I probably messed something up there, and don’t really remember the sideboard. But that’s the basic jist of it. We cracked another beer when our food arrived, chowed down, and then set out into the mire of Legacy 2-man queues during a daily event.

As it turns out, the combo is real. Furthermore, whenever we untapped with Monastery Mentor, we were favorited to win the game. 2 Tops is definitely going off, but it didn’t feel necessary, just focused. I took the reins at one point and beat Storm. Our sideboard came in handy with a billion counterspells and a trusty Legacy expert beside me signaling when to fire off my disruption. It was a blast to play, and that alone warrants more tuning. It could be competitive.

Tired, we said goodnight. I stood along a barren Myrtle Avenue waving down the nearest cab, instructed him on the route to Greenpoint, then fell asleep in the lonely warmth of my bed.

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Wednesday. I don’t leave the house until it was time to face the cold, about 5pm, in order to head to Keiths for a cube draft. The fifteen or so minutes door to door is a frozen terrain of sidewalks and streetcorners I had to navigate. Up the stairs to Keiths apartment, where he’s setting up a table and chairs for the 8-man pod due to arrive.
The last guy to show is Tim, who saddles up to my right, ready to pass me a non-blue deck. I know his preference in cube, and in Magic, so when I pack 1 pick 1 Sword of Feast and Famine I know to expect the color green to come flowing. He ships me a pack with Demonic Tutor and Joraga Treespeaker. I take green Sol Ring and move in. My deck was wide open, and I end up with this:

Where's Recurring Nightmare?

Creatures (13)
Joraga Treespeaker
Wild Mongrel
Lotleth Troll
Fauna Shaman
Nezumi Graverobber
Courser of Kruphix
Master of the Wild Hunt
Woodfall Primus
Sundering Titan

Spells (10)
Mind Twist
Green Sun’s Zenith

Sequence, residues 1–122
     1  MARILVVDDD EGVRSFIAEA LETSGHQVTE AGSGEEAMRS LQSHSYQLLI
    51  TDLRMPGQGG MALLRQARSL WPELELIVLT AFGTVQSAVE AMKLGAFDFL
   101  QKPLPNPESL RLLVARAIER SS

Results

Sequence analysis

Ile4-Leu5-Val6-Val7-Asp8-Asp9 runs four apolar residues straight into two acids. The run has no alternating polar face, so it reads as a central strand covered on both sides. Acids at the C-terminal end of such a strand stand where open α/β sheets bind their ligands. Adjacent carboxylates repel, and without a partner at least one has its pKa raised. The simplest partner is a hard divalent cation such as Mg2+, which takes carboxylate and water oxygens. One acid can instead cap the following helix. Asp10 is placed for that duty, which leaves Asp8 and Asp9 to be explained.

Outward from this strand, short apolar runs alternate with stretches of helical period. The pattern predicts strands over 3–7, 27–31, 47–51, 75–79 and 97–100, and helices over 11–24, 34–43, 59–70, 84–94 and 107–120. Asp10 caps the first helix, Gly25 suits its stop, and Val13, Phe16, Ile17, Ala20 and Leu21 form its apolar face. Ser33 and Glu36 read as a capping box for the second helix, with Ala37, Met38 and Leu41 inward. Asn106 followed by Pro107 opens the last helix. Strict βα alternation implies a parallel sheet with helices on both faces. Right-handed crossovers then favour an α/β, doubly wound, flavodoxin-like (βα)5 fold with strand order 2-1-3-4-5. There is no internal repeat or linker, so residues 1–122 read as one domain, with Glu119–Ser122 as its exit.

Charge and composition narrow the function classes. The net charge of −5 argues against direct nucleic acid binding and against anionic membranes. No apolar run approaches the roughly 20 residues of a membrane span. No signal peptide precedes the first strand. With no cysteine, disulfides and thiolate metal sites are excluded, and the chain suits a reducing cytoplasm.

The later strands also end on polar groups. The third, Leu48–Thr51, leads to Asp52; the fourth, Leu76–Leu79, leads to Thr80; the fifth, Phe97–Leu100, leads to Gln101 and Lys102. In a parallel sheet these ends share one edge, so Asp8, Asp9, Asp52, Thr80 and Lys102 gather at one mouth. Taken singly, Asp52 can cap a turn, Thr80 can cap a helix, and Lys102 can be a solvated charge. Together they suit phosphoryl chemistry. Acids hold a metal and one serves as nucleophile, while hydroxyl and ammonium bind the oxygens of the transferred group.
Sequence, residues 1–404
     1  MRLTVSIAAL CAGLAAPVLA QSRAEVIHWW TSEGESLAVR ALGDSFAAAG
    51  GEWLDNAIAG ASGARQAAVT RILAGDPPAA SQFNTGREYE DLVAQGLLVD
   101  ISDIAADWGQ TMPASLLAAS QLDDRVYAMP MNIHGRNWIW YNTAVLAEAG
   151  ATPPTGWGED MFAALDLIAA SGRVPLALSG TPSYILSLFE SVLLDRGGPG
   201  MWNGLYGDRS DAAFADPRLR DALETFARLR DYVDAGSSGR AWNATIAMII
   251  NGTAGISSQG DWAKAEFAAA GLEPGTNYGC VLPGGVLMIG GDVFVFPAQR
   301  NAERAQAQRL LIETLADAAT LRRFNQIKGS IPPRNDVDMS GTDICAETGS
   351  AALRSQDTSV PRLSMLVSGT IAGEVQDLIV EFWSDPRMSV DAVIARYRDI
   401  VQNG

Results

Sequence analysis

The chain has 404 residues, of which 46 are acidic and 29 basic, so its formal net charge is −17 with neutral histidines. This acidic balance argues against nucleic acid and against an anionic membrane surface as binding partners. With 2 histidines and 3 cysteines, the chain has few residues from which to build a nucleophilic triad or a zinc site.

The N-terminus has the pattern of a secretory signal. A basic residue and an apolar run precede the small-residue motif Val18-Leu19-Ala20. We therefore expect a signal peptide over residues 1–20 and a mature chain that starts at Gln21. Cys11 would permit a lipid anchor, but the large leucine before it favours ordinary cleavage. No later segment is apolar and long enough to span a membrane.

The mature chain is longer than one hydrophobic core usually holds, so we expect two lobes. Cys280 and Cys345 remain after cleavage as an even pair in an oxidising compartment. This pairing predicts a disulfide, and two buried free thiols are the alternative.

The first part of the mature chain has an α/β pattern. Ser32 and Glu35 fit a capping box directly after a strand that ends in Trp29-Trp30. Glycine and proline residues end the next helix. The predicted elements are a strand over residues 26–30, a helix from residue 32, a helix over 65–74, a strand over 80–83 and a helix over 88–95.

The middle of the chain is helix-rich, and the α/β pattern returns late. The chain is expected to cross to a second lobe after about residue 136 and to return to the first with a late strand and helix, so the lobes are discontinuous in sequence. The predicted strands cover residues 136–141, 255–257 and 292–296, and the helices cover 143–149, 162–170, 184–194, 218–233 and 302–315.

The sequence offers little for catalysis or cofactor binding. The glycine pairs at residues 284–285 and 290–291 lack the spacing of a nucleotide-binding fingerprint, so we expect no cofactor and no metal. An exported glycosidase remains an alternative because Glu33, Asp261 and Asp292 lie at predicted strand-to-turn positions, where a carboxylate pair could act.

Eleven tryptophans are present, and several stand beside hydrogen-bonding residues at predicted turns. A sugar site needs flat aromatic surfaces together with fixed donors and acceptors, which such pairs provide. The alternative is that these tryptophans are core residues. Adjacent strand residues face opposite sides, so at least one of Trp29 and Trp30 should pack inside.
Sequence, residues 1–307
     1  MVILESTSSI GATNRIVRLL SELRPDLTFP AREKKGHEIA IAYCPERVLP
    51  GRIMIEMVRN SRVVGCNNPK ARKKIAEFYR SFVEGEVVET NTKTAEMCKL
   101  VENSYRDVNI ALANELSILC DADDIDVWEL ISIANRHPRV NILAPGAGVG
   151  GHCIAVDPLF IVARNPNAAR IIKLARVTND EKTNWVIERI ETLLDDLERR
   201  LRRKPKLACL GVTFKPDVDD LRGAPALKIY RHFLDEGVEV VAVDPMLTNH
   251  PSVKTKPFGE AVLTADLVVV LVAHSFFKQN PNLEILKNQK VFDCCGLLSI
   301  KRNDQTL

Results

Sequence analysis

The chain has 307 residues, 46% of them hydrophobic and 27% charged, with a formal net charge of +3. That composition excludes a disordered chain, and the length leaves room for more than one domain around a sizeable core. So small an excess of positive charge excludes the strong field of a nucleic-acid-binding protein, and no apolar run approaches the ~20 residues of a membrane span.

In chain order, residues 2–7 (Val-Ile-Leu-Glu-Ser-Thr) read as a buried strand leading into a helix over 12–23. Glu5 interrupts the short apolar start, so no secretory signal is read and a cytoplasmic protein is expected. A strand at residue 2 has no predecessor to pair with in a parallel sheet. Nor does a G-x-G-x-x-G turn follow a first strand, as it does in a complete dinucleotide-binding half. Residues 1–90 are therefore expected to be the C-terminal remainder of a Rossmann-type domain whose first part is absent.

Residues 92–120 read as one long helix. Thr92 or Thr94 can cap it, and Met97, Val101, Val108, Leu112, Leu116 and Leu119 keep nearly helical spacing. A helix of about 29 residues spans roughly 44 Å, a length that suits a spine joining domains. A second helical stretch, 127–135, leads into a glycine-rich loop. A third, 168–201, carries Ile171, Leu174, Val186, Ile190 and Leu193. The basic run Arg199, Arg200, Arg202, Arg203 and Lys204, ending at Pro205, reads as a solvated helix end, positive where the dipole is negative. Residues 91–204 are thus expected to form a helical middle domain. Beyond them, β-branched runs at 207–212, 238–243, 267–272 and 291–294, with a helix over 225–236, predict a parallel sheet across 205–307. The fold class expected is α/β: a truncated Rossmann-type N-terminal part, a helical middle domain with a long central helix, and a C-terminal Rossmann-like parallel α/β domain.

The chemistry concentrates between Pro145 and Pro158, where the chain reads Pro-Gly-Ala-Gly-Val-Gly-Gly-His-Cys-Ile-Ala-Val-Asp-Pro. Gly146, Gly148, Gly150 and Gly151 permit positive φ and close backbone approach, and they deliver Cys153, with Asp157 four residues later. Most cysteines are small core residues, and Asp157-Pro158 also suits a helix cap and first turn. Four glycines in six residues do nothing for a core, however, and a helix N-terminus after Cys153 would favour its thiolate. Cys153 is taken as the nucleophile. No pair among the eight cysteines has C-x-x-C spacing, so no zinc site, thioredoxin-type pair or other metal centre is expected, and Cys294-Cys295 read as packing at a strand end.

Hymn to Tourach
Animate Dead
Dance of the Dead
Pernicious Deed
Maelstrom Pulse
Diabolic Servitude
Living Death
Lands (17)
Overgrown Tomb
Treetop Village

Sideboard (7)
Ob Nixilis of the Black Oath
Vraska the Unseen
Eternal Witness
Hero’s Downfall
Sword of Feast and Famine

Round One I go against Tim. We joke about passing each other our favorite decks. I know to stay away from UW when Tim is passing to me. He knows I love BG decks. His deck was an Esperish build with the usual countermagic and planeswalkers. I think the black splash was for Vindicate and Pack Rat. I sideboard into my planeswalkers, Duress, and Hero’s Downfall. The beats were good.

Round two I go up against Adam, who drafted almost every signet, ramp spells, and big stuff like Emrakul. We have really grindy games. The best game had me quickly reanimate Sundering Titan, which he then copied with Phyrexian Metamorph. That’s two titan triggers. He then triple blocked mine when I attacked, which triggered again on dying. After I blow up his cloned Titan, which triggered a fourth time, I animated my Sundering Titan yet again. This brought the total Titan trigger to five over the course of the game. It was hilarious, and awesome, and why I love to draft cube.

Round three I go up against the man himself, Mr. Keith Blackwell. He is on Bant Ramp, with all the mana dorks and powerful payoff spells like Elspeth, Sun’s Champion and Primeval Titan. I fumble around on hitting my land drops and he takes me down relatively easily. I did have one great play where I had a 4/5 Tarmogoyf in play to Keith’s freshly cast Elspeth and three tokens. He also had a few mana dorks hiding out with his mana. I draw Pernicious Deed. I Deed for one, wiping the dorks and tokens, growing the Goyf to 5/6, and swing in to kill Elspeth.